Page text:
dists = sklearn.metrics.pairwise.cosine_similarity(df_train)
The result of this is the following distance matrix (dists):
Since the aim is to only recommend design ids (the three digit ids in this case), we cut out all the rows for the attributes we’ve included in the similarity calculation (language, package) but
keep the respective columns. To recommend a list of ranked items to a specific user, we would take the input vector of a user, which language setting and package she has and which design she has
already seen. For example the following user has language setting de_DE (German) and has previewed the design with id 334. We calculate the affinity score towards each design by summing the item
similarities over the two input columns. Then we can rank the items by the resulting affinity score, thereby producing a ranked list of the top-n designs, excluding the designs a user has already
seen. (By the way, summing up the two cosine-similarities assumes that there is an additive relationship between those similarities. This might not be the case. Having robust evaluation criteria
in place is important when such assumptions are made.)
The Python code for this looks as follows:
p = dists[products].apply(lambda row: np.sum(row), axis=1)
p = p.order(ascending=False)
→ Index([u'283', u'278'], dtype='object')
In this case Design-ID 283 and Design-ID 278 would be recommended in that order if we were to recommend the top-2 items for this specific user.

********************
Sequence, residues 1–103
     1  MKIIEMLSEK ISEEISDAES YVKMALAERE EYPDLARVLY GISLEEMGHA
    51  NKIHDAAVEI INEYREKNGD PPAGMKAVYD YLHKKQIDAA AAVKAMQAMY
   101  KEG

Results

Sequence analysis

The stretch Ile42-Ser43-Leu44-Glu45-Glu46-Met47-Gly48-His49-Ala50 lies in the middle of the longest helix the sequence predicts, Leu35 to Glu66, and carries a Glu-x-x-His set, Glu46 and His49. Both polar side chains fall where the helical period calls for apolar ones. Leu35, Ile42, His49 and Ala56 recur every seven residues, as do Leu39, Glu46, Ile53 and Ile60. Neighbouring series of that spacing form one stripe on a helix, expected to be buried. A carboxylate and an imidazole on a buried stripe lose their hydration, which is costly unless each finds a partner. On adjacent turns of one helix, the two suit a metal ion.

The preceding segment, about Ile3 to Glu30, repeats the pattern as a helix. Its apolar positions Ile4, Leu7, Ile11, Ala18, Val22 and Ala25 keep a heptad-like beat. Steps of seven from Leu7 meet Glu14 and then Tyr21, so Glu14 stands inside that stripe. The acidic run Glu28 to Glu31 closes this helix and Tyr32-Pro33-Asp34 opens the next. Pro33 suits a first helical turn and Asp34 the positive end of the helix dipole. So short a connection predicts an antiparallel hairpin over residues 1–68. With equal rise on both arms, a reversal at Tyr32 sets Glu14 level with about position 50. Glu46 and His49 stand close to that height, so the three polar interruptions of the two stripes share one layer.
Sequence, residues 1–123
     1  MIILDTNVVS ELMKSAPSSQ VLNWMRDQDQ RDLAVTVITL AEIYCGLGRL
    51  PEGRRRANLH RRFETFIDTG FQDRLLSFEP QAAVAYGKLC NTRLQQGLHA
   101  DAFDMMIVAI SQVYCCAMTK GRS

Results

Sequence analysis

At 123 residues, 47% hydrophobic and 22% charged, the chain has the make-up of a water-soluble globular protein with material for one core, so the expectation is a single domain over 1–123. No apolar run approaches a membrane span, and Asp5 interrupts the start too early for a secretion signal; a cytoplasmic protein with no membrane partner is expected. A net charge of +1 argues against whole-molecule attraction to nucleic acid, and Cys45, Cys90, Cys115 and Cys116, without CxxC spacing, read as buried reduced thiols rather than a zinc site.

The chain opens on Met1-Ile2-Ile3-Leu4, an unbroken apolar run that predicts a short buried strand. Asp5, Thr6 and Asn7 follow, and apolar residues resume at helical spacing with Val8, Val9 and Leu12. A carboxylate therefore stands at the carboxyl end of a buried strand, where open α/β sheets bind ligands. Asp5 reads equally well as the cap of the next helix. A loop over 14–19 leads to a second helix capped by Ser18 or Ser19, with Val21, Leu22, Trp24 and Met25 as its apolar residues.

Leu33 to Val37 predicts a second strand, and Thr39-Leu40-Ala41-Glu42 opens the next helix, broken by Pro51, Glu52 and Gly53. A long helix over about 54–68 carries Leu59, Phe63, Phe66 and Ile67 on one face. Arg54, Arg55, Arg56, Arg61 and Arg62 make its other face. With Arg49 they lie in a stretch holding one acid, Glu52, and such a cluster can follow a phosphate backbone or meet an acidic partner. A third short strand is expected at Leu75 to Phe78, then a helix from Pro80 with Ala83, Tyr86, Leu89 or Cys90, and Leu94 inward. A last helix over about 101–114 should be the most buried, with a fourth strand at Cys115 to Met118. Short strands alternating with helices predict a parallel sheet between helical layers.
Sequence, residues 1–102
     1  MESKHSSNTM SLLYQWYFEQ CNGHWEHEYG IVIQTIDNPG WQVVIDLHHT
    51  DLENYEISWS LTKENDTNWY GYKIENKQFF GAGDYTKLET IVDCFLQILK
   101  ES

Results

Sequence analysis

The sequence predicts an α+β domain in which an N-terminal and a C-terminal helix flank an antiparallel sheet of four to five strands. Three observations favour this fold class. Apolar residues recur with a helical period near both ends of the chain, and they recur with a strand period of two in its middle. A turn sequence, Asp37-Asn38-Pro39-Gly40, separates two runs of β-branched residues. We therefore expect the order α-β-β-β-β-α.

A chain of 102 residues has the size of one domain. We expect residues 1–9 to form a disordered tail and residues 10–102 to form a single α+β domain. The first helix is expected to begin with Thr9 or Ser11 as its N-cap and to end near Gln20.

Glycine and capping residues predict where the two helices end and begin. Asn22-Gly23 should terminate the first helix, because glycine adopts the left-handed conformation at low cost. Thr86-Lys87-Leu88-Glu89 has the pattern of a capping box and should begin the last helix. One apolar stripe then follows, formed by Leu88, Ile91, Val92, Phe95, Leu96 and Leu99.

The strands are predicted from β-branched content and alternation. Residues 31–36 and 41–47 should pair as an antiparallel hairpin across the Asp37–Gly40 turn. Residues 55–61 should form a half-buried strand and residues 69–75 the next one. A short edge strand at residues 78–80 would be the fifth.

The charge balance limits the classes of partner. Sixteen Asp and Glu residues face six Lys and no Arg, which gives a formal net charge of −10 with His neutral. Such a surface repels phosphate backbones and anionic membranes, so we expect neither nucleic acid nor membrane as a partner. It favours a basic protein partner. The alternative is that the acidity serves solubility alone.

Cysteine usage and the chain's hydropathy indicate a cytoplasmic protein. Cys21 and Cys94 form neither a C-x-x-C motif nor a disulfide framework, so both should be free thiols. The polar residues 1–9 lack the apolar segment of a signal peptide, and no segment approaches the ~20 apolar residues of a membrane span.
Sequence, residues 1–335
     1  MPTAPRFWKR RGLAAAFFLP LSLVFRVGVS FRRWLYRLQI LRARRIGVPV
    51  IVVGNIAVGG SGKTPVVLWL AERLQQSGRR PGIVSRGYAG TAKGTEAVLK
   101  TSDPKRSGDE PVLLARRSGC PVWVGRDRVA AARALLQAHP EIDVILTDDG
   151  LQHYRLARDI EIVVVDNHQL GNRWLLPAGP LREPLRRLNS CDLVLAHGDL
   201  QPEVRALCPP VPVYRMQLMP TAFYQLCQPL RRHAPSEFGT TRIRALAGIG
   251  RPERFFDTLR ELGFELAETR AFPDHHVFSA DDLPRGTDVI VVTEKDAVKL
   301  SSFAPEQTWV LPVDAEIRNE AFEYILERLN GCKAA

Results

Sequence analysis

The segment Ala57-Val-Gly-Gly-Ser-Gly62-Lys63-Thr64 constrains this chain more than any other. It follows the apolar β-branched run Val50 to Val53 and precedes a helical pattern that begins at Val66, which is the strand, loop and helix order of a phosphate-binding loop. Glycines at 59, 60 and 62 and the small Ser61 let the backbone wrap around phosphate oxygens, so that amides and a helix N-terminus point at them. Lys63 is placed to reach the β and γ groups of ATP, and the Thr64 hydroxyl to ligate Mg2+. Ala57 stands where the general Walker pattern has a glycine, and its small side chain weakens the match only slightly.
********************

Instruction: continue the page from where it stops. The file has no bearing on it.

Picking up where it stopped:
As discussed in the last post about evaluating recommender systems the above steps to produce the similarity matrix would all be carried out on the training set of users. We would then evaluate the performance of this specific recommender by producing recommendations on the test set, i.e. users who haven’t been included in calculating the similarity matrix. For example we could take the first designs that a user from the test set has seen, add her language setting and package and use that as the input vector for our recommender, recommend top-3 designs and measure DCG and MAP (read this blog post for details). Then we do the same but produce the top-3 designs by randomly picking 3 design-ids (excluding the ones the user has already seen) and measure DCG and MAP. The improvement against this random-baseline is what should really matter, in our case we had a more than 2-fold improvement on MAP. We could then further modify our recommender, for example by choosing a different similarity-measure (euclidian-distance, log-likelihood-ratio), by playing around with the implicit rating or adding or removing attributes. The aim of this would be to optimize the improvement compared to the random-baseline.
This offline evaluation of the recommender would be followed by an online evaluation through a split-test. It’s important to know what you want to optimize for, especially if the setting isn’t straight forward. In our case we want to make sure that the user doesn’t waste all her time and energy on finding a suitable design. We know that it is critical that a user starts adding content as soon as possible for increasing our user CLV. So in this case the OEC (overall evaluation criteria) for this split-test would be “time needed to choose a design”.